Instead, pre-workout, he uses protein or fruits (fruits contain both fructose and glucose). Whilst fructose is a sugar, it doesn’t cause an insulin spike, instead being metabolised in the liver. Thus the fruit is useful because it boosts liver glycogen stores (useful for explosive exercises), without causing a large spike in insulin, that you would get from simple carbohydrates like bread, rice and pasta.
Specific fruit examples George uses are apples, blackberries, strawberries & grapefruit (source). And then if there is a longer time period pre-workout, enough to get a meal in, he might opt for vegetables to accompany the protein such as spinach, broccoli & asparagus.
A hormone that does the opposite of insulin, is called glucagon. Whilst insulin operates by lowering blood glucose, shunting it into muscle and fat cells, glucagon instead signals to the body to release glucose and lipids into the blood stream for use.
Insulin is actually an inhibitor of glucagon. Thus, if you consume simple sugars pre-workout, and want your body to have quick access to energy stores, having high circulating levels of insulin dampens your glucagon release. Thus it makes more sense to consume protein and fructose sources immediately pre-workout. Of course, if you’ve got 2-3 hours before your workout, you can consume glucose containing foods without them interfering with glucagon release – this is because your insulin will have dropped back down to normal levels by the time you work out.
As we’ve discussed above, Conor tries to get all his nutrient needs from “real foods”, rather than resorting to too many supplements. That being said, he has discussed using BSN shakes for post-workout recovery. In his Twitter post on the subject he didn’t mention the specific BSN product, but there’s a high chance it’s their popular R3Build Edge Post Workout Recovery powder, with contains goodies like creatine, glutamine and BCAAs.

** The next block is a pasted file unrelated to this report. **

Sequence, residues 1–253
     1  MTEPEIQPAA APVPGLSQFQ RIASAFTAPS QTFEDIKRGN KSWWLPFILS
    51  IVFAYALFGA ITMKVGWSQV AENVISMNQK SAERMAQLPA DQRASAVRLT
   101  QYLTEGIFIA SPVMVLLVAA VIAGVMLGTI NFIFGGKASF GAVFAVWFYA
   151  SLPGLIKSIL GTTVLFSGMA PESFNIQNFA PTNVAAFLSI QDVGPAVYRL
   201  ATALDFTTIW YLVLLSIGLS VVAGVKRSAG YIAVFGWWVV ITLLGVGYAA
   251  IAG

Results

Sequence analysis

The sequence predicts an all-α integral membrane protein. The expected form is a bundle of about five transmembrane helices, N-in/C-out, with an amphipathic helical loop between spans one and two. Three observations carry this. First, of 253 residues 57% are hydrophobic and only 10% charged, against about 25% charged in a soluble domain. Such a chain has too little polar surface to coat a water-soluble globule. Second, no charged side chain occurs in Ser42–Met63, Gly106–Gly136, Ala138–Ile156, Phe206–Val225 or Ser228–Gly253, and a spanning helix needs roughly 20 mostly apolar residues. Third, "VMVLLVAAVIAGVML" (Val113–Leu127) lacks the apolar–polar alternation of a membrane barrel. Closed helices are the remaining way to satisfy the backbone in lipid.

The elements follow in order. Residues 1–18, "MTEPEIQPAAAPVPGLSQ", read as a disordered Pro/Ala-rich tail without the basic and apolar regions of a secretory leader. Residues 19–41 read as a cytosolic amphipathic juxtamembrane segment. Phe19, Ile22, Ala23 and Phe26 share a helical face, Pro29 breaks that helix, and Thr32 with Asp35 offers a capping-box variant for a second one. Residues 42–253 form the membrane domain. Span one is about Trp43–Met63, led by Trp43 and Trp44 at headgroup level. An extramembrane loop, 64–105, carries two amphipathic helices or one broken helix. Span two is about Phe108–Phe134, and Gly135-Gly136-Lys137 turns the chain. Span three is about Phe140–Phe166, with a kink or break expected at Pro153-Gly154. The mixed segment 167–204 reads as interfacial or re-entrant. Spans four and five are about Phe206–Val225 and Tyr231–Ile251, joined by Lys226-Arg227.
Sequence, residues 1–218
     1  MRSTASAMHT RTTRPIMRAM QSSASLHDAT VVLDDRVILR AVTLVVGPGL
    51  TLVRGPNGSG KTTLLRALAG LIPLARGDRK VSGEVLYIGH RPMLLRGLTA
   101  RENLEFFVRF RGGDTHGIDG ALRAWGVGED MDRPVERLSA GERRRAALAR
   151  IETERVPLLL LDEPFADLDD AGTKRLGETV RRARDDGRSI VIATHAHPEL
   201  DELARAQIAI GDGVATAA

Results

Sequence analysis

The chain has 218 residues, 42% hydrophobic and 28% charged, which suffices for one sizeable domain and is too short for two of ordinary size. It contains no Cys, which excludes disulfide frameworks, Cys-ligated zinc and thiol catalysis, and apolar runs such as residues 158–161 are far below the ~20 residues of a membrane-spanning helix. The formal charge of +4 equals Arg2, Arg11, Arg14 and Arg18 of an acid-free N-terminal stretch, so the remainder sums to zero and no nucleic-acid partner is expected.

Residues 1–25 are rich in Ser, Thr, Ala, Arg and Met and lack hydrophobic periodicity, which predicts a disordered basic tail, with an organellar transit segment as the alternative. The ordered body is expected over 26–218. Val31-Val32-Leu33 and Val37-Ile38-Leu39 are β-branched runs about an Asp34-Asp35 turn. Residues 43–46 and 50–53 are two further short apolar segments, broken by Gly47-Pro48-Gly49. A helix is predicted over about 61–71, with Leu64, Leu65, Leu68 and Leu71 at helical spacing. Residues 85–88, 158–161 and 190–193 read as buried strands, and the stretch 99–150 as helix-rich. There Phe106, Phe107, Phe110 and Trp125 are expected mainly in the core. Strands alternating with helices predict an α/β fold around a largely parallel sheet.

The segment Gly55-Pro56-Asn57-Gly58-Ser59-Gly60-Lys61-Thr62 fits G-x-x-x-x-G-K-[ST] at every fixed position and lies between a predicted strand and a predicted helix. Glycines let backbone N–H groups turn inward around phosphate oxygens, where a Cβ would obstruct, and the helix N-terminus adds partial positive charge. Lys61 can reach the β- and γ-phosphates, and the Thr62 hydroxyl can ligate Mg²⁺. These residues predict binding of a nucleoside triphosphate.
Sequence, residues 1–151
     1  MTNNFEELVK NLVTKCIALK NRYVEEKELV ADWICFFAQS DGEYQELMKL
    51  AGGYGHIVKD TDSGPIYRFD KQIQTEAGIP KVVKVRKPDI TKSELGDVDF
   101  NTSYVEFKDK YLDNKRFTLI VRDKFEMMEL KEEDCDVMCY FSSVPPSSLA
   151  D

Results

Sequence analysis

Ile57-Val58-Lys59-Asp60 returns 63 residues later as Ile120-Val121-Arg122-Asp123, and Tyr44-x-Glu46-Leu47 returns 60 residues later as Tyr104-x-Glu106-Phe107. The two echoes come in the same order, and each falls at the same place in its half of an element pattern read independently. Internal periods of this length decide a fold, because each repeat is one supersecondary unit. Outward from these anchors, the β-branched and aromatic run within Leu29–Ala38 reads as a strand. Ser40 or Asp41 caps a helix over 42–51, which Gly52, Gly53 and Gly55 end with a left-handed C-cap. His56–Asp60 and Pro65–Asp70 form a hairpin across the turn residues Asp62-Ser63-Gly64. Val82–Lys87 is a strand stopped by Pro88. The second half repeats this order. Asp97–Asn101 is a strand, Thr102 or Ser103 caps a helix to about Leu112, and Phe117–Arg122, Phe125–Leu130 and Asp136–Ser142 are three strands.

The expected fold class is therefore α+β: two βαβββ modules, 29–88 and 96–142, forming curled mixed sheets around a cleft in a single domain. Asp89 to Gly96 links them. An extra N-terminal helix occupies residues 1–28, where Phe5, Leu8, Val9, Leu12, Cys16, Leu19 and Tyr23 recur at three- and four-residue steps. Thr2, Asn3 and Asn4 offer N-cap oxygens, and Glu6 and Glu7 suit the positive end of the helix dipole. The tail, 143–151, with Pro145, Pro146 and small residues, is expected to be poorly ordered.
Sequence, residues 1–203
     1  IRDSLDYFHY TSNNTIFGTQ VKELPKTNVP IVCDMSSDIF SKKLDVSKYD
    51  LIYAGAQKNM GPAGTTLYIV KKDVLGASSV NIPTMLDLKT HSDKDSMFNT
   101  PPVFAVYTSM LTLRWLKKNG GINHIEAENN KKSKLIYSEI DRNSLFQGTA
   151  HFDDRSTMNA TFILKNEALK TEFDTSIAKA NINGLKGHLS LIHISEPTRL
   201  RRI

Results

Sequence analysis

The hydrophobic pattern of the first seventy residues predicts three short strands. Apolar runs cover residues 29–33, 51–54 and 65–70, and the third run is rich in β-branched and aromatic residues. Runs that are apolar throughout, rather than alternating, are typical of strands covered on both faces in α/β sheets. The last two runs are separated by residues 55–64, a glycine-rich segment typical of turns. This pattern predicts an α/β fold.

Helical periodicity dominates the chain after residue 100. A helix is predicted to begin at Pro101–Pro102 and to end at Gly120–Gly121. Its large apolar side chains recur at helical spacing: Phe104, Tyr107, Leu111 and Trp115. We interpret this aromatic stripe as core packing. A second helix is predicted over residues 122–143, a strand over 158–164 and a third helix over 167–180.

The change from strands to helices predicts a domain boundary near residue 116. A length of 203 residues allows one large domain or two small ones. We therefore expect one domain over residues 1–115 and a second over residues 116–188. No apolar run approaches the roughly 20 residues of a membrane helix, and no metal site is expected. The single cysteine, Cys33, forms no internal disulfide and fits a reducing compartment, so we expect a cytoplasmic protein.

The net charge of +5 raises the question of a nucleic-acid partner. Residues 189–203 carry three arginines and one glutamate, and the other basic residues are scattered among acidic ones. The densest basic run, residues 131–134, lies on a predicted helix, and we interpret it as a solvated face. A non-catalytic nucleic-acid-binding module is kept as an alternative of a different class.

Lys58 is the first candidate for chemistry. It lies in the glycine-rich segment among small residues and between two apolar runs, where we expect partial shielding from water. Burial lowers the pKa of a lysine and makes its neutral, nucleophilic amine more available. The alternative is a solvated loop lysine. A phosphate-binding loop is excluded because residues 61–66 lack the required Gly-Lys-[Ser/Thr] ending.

- On Waking
First thing Conor does on waking is stretch and drink water to rehydrate after sleep
- Before Breakfast
Conor often does fasted cardio after waking, before eating his first meal
After stretching or fasted cardio, Conor drinks a coffee and has breakfast. Breakfast is mainly protein, fat and vegetables. Waiting until post-workout to really refuel with carbohydrates.
If Conor needs energy pre-workout, Conor’s diet coach (George Lockhart) recommends he eats protein or fruit, which shouldn’t trigger a big insulin dump right before he needs to workout. For fruit, George recommends fruits like blackberries, blueberries, apples, strawberries and grapefruit.
Conor on Fasted Cardio
I like running, I’ve been running my whole career. I always do fasted cardio. I like training on am empty stomach because… it takes you someplace. Puts you in a different mindset, you’re in… survival mode almost, you’re on the hunt.
It’s what I like doing, it brings my weight down. Then you add in the desert heat, that dry air. Then as the fight comes closer I pack more clothes on to get that extra bit off. It just adds more intensity to it.
It puts me somewhere, where I need to be for this. I’m just visualizing the moments, the sequences, there is no face I’m picturing, it’s just a blank face, and a particular body.
I’m just visualizing dominating the whole game. That’s it.
See the Youtube video below to watch Conor talking about fasted cardio: